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In first, French conservatives pick a woman as presidential candidate

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By Euronews with AP, AFP
Valérie Pécresse smiles at the Conservative party Les Republicains party headquarters after being elected as the party's presidential candidate, Saturday, Dec. 4, 2021.
Valérie Pécresse smiles at the Conservative party Les Republicains party headquarters after being elected as the party's presidential candidate, Saturday, Dec. 4, 2021.   -   Copyright  Rafael Yaghobzadeh/AP

Head of Paris region Valérie Pécresse will be the presidential candidate of "Les Républicains," France's main right-wing party said on Saturday.

Pécresse won 61% of the votes in the final round of the party's primary election compared to 39% for her challenger Eric Ciotti, a hardliner MP from Nice.

It is the first time the French conservative party picks a woman to be its candidate.

"I am thinking of all French women today and I say 'thank you' to party members for their audacity," Pécresse said at a press conference after results were announced.

"The Republican right is back," she told supporters.

An experienced politician, Pécresse, 54, has been the minister for higher education, for the budget and was a government spokesperson under former President Nicolas Sarkozy from 2007 to 2012.

Pécresse's positioning on the centre-right could pose a challenge to incumbent President Emmanuel Macron, who managed to attract the votes of centrist-leaning "Les Républicains" supporters in previous elections.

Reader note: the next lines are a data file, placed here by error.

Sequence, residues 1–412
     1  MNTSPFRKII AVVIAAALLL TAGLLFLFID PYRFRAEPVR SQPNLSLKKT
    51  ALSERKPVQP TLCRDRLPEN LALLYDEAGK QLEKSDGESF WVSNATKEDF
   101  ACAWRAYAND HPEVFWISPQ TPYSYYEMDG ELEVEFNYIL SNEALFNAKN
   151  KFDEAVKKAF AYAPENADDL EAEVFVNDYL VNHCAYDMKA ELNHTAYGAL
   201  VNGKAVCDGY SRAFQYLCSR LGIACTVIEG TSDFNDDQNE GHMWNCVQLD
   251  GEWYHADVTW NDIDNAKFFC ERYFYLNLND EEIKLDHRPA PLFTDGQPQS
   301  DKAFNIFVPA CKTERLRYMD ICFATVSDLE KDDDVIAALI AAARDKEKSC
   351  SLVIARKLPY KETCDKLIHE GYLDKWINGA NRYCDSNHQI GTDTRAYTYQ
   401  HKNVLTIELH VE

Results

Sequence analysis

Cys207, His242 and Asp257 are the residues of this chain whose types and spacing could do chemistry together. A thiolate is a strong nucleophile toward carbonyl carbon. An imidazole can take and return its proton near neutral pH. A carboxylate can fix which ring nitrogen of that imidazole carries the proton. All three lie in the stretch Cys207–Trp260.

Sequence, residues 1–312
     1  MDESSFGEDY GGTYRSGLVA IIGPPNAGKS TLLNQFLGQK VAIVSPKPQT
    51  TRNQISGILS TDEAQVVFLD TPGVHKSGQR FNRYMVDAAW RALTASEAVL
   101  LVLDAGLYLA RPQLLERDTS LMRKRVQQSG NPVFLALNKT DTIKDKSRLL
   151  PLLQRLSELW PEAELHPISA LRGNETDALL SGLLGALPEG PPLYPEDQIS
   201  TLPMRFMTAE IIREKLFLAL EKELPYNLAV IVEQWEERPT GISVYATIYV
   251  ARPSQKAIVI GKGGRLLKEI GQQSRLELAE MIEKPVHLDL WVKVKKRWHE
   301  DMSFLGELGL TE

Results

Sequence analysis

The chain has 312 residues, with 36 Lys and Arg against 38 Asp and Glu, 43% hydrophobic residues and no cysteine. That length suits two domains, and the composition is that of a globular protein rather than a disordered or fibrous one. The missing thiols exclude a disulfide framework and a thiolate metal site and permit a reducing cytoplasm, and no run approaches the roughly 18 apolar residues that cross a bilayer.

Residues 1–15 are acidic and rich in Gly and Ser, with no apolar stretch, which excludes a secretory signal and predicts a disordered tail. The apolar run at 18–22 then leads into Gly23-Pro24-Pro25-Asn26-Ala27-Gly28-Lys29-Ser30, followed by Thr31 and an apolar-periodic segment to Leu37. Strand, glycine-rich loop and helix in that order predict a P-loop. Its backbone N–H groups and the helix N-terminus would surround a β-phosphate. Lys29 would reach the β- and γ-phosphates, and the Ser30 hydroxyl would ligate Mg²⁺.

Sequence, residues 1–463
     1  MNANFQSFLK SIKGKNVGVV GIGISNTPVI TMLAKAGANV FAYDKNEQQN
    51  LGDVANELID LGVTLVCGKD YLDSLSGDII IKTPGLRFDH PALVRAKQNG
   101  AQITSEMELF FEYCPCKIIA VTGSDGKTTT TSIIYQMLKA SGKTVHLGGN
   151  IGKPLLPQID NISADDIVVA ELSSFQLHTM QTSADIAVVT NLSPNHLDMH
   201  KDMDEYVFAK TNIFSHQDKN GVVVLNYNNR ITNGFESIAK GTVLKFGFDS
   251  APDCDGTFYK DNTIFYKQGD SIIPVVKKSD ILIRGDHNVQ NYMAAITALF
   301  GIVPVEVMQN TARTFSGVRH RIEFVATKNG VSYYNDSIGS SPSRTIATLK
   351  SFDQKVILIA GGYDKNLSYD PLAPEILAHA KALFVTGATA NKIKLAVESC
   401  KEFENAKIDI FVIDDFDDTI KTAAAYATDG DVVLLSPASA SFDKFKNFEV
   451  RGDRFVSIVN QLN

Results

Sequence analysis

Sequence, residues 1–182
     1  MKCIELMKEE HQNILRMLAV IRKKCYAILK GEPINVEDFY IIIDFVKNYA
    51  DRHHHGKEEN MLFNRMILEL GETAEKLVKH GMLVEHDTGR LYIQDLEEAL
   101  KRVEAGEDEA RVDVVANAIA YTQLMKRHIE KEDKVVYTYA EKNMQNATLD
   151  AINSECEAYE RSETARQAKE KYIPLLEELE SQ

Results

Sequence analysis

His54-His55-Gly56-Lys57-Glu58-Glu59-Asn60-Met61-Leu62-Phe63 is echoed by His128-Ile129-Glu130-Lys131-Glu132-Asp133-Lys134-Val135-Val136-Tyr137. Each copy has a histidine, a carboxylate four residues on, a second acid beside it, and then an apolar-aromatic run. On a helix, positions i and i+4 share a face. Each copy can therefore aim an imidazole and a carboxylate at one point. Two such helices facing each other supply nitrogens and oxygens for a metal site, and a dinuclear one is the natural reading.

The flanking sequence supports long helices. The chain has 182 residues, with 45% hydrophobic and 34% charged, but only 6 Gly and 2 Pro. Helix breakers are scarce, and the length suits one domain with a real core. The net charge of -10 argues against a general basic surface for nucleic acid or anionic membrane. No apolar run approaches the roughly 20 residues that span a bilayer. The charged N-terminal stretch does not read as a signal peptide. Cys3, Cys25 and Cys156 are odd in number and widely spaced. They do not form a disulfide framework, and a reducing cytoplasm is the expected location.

But Pécresse is currently polling at around 10-11%, far behind Macron and far-right candidates Marine Le Pen and Eric Zemmour.

If elected by French voters, Pécresse vowed to “break” with Macron's policies while also warning voters against backing far-right candidates.

She said her first action as president would be to end France's 35-hour workweek so employees work and earn more.

She also has backed a tough stance on immigration, saying that people who entered the country illegally should be deported.

A supporter of the European Union, Pécresse left The Republicans in 2019 amid leadership divisions after the party had a poor showing in EU elections. She rejoined the party this year.

Les Républicains, which still head several regional assemblies and hold a majority in the French Senate, is the last of France’s traditional parties to choose its presidential contender.